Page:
Monday, 25 June 2012

Home time 3

“JOANNA MARGARET UNWIN,” her Mum's voiced echoed through the house. “Get down here now!”
Jo-Jo toyed with the idea of staying put and rolling herself into a protective ball. She anticipated many, many hours in the Detention Cell to come and felt that it was probably well-deserved, but she couldn't face the telling-off that would have to come first.
“JOANNA, GET DOWN HERE THIS MINUTE.” She had to face the music, but felt as though all energy had drained from her body. Slowly, painfully, she got to her feet and moved to the door.
“IF I HAVE TO COME UP THERE…” Her Mum left the threat unspoken, but Jo-Jo knew that there was no avoiding what was going to happen next.
She went out onto the landing and looked down into the hall. Her Mum was at the bottom of the stairs looking furious while Miss Hamilton stood behind her. Her expression seemed to be an attempt at stern, strict and forbidding but the slightest ghost of a smile suggested underlying amusement.
Maybe she does have a sense of humour, Jo-Jo caught herself thinking. “Miss McDuff,” she said, trying for something that sounded like surprise and pleasure.
“Don't waste my time, young lady,” her Mum said. “What have you to say for yourself?”
Good question. For a moment she struggled for a plausible excuse. 'Just a little joke' wouldn't cut much ice, but 'they made me do it' would be a breach of the Unwritten Code - never, ever tell tales.
Before she could decide one way or another her Mum spoke again. “Miss Hamilton has shown me your history homework. Or lack of history homework. What do you have to say for yourself?”
What a relief. “I find it really hard and I've tried to keep up and I do try to understand…” she began.
“Shut up and get down here,” Mrs Unwin said, and Jo-Jo trudged down the carpeted stairs until she was within arm's reach of her Mum. She was she was grabbed by the arm and shaken like a rag doll, before being marched into the Living Room and shoved into the corner next to the television.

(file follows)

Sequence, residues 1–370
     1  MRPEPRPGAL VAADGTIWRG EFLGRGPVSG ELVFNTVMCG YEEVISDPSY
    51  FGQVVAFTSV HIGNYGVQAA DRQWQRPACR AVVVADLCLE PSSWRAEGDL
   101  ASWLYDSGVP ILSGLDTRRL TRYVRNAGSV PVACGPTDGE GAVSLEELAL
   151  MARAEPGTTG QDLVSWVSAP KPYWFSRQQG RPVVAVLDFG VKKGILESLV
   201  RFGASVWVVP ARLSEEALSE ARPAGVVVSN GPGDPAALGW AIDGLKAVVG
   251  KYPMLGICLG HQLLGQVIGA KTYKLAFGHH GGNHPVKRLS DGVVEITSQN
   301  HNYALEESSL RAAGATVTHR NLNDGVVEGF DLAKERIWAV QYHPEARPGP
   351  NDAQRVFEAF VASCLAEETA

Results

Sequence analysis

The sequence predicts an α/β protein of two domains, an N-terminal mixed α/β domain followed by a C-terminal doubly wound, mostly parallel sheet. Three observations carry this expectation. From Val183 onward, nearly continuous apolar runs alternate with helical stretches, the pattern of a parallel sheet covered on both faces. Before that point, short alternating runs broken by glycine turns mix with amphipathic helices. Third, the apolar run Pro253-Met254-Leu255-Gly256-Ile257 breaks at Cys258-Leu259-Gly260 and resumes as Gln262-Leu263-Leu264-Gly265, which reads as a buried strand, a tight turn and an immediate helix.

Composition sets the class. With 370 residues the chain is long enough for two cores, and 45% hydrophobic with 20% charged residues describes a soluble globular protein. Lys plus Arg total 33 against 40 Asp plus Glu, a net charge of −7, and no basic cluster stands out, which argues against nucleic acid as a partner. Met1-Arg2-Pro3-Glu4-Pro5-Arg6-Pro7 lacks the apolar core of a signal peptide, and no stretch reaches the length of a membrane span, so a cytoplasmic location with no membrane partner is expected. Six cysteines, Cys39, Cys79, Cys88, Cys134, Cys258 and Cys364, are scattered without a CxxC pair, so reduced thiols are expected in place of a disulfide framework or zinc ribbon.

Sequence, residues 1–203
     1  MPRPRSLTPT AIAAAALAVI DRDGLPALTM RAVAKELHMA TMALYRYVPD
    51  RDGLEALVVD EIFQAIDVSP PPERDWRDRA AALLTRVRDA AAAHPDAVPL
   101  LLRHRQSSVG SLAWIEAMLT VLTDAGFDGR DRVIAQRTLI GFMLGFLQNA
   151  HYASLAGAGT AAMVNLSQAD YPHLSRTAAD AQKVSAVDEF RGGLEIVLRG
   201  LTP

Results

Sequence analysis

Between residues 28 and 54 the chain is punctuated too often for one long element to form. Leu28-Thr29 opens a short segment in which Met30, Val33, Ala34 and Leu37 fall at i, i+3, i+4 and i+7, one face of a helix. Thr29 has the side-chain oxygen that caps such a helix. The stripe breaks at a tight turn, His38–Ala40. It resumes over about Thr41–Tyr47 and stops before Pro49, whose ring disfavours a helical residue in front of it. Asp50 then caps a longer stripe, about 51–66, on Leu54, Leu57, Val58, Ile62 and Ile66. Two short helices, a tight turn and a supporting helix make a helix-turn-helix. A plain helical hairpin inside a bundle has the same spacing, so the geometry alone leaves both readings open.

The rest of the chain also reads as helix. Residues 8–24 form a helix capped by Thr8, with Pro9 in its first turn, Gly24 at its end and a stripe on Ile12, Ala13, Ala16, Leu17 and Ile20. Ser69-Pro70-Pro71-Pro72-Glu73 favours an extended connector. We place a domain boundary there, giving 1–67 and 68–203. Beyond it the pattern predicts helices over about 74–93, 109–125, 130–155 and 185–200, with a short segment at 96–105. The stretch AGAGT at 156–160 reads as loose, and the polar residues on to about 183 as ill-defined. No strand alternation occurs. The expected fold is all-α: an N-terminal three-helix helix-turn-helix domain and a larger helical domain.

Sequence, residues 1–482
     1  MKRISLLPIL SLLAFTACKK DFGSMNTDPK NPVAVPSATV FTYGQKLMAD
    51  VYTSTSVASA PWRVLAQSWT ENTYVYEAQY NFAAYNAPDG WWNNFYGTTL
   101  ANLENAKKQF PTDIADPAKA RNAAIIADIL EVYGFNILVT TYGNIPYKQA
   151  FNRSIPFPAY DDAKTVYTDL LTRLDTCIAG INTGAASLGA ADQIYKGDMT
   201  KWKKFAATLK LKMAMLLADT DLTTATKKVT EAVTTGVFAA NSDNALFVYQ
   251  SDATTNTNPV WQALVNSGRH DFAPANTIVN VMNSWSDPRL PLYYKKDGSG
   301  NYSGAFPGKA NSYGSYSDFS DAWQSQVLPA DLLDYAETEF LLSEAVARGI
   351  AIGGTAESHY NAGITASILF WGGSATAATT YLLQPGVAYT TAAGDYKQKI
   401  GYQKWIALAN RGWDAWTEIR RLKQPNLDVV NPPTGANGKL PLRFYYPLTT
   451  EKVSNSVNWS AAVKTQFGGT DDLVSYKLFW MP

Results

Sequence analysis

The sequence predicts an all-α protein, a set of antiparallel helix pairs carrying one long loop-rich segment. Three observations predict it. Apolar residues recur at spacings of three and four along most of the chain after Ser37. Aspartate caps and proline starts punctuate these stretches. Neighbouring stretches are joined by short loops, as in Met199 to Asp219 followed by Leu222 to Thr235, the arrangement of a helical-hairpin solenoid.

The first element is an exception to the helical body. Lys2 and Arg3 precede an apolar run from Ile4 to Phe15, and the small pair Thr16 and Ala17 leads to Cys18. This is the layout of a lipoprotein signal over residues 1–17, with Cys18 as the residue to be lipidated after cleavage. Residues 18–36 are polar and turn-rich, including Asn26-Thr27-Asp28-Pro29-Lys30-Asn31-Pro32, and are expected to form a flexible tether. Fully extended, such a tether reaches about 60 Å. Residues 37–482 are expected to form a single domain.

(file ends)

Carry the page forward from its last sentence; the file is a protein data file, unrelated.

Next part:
Mrs Unwin sat on a straight-backed chair and ushered the teacher to the sofa across the room. “I'm so disappointed, Miss McDuff…”
“Annabel, please.”
“Annabel. I'm Joyce, by the way. Tea?”
“Thank you, no.”
Mrs Unwin leafed through her daughter's exercise book with an air of defeat. The girl would never learn. Finally she looked up at the younger woman and asked: “What am I to do?”
“In my day a girl of promise who did so poorly in tests would have soon had to face the music. No nonsense, just a good dose of the tawse and a warning of another if she didn't pull her socks up.”
“The punishment strap, Mrs Unwin. Very effective and as Scots as bagpipes and shortbread. It was that sort of school. Sadly, the tinkering bureaucrats have forbidden that sort of thing in this county's schools,” Miss McDuff continued. “But there's nothing to stop a concerned parent or indeed a well-meaning friend of the family…”
Joanna's mother had never made use of corporal punishment. Others did, she knew, but it wasn't for her. But as she thought about what Miss McDuff had said it dawned on her that she had been wrong - that her failure had cost her dear.
“Joanna has a great deal of aptitude - if it can be channelled in the right direction. I'd happily pop round from time to time to 'discuss' matter with her,” Miss McDuff said.
Mrs Unwin smiled, her mind made up. “That would be lovely. I could bake a cake, we could make a little occasion of it,” she said.
To be continued again (sorry, it goes on a bit, but the end is in sight...)

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